100th birthday for ‘lady at the gate’

Ruby Oglesbee and her telegram from the queen for her 100th birthday. Photo: SG250611-173TW To order, please ring 01775 765433.
Ruby Oglesbee and her telegram from the queen for her 100th birthday. Photo: SG250611-173TW To order, please ring 01775 765433.
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RUBY Oglesbee – better known to many as ‘the lady at the gate’ – has celebrated her 100th birthday surrounded by her nearest and dearest.

A party was held at the Bull Inn at Pinchbeck for Ruby and her children Gordon, of Hawthorn Bank in Spalding, Marlene Landen, who lives in Cheshire, and Malcolm, now living in Spain, as well as her seven grandchildren and 11 great grandchildren.

Highlights of her special day included her telegram from the queen as well as a giant bouquet from “the railway”, for whom Ruby worked for 34 years.

Ruby and her late husband Cecil left Boston in 1939 and moved into No 48 gatehouse at Banks Drove, Deeping St Nicholas, where Ruby was the gatekeeper. Cecil was a plate layer on the railway, responsible for the stretch between Little London in Spalding and the former railway station in Deeping St Nicholas, Littleworth station.

Malcolm said: “That was known as his length which he was responsible for and he had to walk it every day. He did that until he retired in 1975.”

Ruby earned her title, the lady at the gate, because her job was to open them for any cars once she had established there were no trains approaching. She describes her work as “pretty hectic, especially during the harvest time because of the farms down there”.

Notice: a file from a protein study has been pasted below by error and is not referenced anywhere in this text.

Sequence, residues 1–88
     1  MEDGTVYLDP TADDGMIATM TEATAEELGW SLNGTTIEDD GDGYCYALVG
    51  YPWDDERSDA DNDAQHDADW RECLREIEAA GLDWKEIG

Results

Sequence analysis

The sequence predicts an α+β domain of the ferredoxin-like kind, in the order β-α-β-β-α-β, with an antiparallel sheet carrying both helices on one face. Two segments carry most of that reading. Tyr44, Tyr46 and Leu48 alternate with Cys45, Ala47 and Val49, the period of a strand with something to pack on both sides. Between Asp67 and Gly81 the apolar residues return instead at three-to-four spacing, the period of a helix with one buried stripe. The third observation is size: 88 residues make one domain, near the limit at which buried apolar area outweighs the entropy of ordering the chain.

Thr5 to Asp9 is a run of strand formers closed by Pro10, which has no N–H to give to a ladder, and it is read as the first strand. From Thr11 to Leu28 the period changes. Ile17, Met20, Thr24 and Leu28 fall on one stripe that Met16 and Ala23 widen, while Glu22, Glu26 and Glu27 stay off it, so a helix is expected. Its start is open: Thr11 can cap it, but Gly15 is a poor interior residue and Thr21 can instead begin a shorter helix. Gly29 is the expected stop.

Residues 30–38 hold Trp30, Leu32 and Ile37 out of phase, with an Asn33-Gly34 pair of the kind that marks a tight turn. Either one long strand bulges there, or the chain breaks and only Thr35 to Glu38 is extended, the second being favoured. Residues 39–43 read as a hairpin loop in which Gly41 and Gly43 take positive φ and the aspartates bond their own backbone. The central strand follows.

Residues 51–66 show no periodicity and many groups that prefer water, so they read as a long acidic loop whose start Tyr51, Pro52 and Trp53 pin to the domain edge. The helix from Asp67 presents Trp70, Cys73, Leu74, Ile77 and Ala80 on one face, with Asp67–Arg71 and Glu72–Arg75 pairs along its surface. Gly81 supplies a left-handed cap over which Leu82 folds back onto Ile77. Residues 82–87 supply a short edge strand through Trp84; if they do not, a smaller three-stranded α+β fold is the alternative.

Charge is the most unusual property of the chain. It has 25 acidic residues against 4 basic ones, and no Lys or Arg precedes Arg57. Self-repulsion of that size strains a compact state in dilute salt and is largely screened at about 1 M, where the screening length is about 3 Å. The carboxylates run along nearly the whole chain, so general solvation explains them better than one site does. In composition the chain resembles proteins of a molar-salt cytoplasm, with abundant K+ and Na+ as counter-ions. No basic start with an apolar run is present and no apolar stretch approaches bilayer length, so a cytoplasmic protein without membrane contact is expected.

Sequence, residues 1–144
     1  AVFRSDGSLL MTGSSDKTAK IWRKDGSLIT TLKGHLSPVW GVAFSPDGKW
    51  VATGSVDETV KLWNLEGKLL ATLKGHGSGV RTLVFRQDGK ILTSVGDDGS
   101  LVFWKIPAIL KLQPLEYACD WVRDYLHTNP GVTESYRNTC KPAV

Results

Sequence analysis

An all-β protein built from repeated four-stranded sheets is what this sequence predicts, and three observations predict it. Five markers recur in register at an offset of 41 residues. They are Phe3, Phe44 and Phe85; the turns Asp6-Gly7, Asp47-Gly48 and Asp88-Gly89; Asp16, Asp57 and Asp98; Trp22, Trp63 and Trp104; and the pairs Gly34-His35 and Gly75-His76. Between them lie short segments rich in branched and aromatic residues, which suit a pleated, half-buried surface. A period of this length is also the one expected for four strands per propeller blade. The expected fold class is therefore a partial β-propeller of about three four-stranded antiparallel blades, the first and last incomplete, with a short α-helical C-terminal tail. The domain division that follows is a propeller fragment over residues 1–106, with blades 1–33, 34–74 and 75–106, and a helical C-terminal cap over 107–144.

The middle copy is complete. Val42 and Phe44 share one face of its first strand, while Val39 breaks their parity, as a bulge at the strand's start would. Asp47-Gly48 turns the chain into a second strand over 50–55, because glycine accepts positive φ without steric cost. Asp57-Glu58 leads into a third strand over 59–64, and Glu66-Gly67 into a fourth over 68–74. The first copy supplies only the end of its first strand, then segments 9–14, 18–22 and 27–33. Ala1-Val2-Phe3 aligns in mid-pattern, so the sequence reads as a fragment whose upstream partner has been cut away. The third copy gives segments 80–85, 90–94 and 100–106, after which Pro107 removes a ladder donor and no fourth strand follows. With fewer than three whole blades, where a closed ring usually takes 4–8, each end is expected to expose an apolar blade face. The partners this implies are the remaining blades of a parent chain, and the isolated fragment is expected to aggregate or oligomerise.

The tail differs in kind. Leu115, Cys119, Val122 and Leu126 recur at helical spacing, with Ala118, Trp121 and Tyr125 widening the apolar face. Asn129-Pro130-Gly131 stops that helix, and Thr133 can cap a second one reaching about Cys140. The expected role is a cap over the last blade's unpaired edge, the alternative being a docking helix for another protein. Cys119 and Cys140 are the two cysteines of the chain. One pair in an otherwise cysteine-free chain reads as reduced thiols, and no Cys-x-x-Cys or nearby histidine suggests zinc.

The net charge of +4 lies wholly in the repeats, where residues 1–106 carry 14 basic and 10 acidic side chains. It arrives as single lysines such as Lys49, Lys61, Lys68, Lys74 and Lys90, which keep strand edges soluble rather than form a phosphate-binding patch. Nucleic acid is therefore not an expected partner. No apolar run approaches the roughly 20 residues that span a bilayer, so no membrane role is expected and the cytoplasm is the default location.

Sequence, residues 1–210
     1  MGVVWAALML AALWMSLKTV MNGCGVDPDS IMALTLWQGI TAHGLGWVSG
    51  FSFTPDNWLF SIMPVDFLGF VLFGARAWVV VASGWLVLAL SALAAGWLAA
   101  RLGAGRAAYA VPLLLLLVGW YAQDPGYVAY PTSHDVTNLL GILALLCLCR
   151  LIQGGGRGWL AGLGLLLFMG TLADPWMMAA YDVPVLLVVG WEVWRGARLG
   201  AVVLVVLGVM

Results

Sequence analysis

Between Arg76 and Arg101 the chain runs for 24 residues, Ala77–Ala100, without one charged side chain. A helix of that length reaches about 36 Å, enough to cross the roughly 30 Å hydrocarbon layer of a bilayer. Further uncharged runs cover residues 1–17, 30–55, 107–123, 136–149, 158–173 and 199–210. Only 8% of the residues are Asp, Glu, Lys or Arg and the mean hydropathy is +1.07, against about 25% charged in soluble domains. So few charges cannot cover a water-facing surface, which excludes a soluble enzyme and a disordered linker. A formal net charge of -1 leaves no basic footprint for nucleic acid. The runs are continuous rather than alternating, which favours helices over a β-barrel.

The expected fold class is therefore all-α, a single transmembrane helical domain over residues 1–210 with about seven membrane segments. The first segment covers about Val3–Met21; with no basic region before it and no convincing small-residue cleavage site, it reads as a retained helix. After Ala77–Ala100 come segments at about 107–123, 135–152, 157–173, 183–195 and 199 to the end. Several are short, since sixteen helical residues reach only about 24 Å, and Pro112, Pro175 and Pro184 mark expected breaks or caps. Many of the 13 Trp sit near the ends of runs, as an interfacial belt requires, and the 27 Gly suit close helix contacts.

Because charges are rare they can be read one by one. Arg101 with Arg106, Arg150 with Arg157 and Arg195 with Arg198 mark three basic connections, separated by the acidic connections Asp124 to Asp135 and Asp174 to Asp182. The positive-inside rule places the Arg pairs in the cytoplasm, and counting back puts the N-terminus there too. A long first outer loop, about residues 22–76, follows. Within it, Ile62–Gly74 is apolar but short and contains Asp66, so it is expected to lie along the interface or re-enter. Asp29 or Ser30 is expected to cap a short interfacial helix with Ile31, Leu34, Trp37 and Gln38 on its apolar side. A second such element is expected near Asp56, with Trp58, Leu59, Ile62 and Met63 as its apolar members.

Ruby might be dashing out to the gates – summoned by the toot of a horn or by the bell on the gates – as many as 50 times a day, never mind whether she was in the middle of baking or any number of other household tasks.

Ruby reveals: “Some of them were impatient. They sounded their horn and if I didn’t go straight away they rang the bell. I had a nice lady from Crowland, a vet, and several others were nice to me.”

When Ruby retired, Cecil carried on looking after the gates for another four years before they were changed to automatic barriers.

Ruby admits she never expected to reach her 100th birthday, but puts it down to the hard work involved in her first job as a housemaid for a local farming family and then her railway role and the fact that she spent so much time out of doors.

Ruby still has the bell at her home in Severn Road in town, and Gordon took it to the party so other members of the family could hear Ruby’s reminiscences of her time as the lady at the gate.